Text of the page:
UTF-8 disadvantages other languages, such as Japanese and Chinese

                                            They often include ASCII pieces like HTML tags, brand names, whatever; you should use an actual compressor if you care about the size so much; and every character in these languages conveys more information than a Latin/Greek/Cyrillic/etc character anyway.

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                                              It seems like you don’t actually know what UTF-8 is. UTF-8 is not Unicode. Rob Pike did not design Unicode, or have anything really do to with Unicode. Those guys designed UTF-8, which is an encoding for Unicode, and it’s an encoding that has many wonderful properties.

                                              One of those properties is backwards compatibility. It’s compatible with ASCII. You ‘dislike’ this, apparently. Why? It’s one of the most important features of UTF-8! It’s why UTF-8 has been adopted into network protocols and operating systems seamlessly and UTF-16 hasn’t.

                                              UTF-8 doesn’t ‘disadvantage’ other languages either. It doesn’t ‘disadvantage’ Japanese or Chinese at all. Most web pages with Japanese and Chinese text are smaller in UTF-8 than UTF-16, despite the actual Japanese and Chinese text taking up 3 bytes instead of 2, because all the other bytes (metadata, tags, etc.) are smaller.

                                              The fact is that anyone that says that Unicode ‘makes the distinction between characters, graphemes, and other such things that turn a simple problem into an unmanageable one’ doesn’t know what they’re talking about. Unicode did not create those problems, Unicode simply represents that problem. That problem exists regardless of the encoding. Code units, code points, characters, graphemes.. they’re all inherently different things.

                                              Unicode does not have any GUI characters.

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                                                Could you maybe elaborate the following quote?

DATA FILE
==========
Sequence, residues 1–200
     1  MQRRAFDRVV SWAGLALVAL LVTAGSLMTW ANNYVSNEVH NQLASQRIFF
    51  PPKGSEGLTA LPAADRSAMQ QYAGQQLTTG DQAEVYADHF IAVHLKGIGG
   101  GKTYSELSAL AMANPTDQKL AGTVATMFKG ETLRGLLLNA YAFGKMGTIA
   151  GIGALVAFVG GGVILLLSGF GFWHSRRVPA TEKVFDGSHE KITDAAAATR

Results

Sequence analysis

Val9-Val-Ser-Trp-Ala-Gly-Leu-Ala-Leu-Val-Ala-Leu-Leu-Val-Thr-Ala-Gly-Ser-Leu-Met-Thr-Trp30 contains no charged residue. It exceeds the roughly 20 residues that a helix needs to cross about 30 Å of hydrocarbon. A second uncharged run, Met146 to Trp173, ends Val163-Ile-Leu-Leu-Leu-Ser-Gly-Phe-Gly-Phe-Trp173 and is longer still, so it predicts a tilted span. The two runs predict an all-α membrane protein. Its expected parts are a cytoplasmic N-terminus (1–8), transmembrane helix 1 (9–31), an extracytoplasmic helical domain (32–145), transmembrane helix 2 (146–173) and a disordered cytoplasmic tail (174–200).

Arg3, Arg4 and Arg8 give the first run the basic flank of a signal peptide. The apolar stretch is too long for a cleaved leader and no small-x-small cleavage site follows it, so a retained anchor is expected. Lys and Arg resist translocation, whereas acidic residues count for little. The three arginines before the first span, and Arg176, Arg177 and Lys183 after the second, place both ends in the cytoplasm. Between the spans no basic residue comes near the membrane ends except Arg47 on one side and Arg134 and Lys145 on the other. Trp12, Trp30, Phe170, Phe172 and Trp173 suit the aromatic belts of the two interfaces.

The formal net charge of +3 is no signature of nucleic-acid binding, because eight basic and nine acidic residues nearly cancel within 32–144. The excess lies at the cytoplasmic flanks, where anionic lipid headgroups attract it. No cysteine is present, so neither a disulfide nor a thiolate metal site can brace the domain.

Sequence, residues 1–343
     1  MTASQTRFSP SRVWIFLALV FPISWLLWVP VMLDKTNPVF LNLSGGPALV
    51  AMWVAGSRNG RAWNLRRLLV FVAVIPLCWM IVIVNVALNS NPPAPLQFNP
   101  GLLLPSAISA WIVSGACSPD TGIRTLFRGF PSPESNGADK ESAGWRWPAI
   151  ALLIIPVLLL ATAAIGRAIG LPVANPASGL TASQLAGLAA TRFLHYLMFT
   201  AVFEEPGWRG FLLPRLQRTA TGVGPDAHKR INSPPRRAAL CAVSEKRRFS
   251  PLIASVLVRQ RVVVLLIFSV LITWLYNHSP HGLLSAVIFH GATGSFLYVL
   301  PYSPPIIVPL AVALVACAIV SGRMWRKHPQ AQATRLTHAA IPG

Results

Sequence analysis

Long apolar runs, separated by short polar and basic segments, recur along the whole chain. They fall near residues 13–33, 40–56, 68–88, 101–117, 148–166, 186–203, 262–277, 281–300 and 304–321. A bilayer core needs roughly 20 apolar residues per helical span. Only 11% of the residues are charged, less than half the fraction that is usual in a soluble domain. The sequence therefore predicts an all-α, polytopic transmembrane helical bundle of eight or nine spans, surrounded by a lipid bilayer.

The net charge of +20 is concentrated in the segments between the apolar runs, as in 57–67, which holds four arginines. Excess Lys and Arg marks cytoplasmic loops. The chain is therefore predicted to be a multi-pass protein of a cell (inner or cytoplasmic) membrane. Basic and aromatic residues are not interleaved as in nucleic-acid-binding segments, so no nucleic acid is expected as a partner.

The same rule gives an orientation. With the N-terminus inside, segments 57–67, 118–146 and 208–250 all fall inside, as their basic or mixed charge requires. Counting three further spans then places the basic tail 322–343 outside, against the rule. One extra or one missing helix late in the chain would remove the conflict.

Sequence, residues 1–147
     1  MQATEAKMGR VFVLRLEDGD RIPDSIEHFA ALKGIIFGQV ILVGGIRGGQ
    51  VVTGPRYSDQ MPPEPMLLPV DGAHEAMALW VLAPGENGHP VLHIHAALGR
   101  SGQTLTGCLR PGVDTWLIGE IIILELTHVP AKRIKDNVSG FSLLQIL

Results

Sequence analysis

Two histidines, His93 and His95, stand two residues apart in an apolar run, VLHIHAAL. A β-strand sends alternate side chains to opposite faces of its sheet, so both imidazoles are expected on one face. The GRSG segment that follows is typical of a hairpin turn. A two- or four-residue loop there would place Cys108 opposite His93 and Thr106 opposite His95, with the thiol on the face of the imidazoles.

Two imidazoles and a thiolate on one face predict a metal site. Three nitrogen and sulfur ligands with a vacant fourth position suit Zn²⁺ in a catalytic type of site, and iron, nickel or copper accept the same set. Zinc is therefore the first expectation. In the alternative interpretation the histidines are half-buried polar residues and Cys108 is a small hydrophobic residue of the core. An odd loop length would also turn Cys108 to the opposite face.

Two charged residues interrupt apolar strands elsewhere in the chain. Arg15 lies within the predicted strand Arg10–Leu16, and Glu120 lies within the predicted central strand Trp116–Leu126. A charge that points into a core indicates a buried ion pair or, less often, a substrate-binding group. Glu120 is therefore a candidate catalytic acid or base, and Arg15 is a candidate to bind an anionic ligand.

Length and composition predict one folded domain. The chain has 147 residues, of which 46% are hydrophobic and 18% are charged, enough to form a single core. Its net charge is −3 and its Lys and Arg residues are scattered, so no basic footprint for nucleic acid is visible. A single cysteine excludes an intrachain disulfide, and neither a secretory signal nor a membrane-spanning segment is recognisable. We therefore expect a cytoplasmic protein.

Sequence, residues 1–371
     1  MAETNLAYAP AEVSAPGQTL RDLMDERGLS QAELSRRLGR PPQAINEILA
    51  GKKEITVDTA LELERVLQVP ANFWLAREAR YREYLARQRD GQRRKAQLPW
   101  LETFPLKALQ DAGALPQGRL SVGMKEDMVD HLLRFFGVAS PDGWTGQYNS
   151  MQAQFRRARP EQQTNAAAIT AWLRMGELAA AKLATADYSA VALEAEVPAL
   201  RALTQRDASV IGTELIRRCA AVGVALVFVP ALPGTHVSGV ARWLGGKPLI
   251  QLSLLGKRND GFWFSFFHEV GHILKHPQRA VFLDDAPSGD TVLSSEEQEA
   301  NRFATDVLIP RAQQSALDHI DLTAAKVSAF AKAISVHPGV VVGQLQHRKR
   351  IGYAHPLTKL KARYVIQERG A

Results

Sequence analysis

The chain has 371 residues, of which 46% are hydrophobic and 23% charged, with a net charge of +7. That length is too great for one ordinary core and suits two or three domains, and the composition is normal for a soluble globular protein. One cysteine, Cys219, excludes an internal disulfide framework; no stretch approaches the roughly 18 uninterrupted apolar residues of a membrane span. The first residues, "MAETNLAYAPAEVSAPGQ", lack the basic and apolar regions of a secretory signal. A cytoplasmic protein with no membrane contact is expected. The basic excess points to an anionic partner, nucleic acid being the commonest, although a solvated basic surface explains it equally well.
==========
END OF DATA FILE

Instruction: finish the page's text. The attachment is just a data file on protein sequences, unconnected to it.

UTF-8 disadvantages other languages, such as Japanese and Chinese (This isn’t even mentioning the Eastern character controversy.)

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                                                  I reckon it refers to the controversial Han unification, which was in China’s favour.

                                                2. 1

                                                  It’s similar to the general UNIX attitude: ’‘Should we have the ability to support multiple standards and have rich facilities for doing so transparently? No, we should adopt a single, universal standard and solve the problem that way. The universal standard is the one true way and you’re holding back progress if you disagree!’’.

                                                  What precisely does UNIX force you into? Are you sure this isn’t also the LISP attitude as well? For example, Lispers usually sternly glare over the interwebs if you dare you use anything but EMACS and SLIME.

                                                  Operating systems can support multiple newline conventions, as VMS did, and it would be trivial to have a format for incorporating multiple character sets into a single document without issue, but that’s not what is done.

                                                  You’re confusing multiple newlines in a single character encoding with multiple newlines across character encodings. You say that it would be trivial to have multiple character sets in a single document, but you clearly have not tried your hand at the problem, or you would know it to be false.

                                                  Give me twenty individual sequences of bytes that are all ‘invalid’ in twenty different character encodings, and then give me 200 individual sequences of bytes that are all ‘invalid’ in 200 different character encodings. Otherwise there is ambiguity on how to interpret the text and what encoding is used.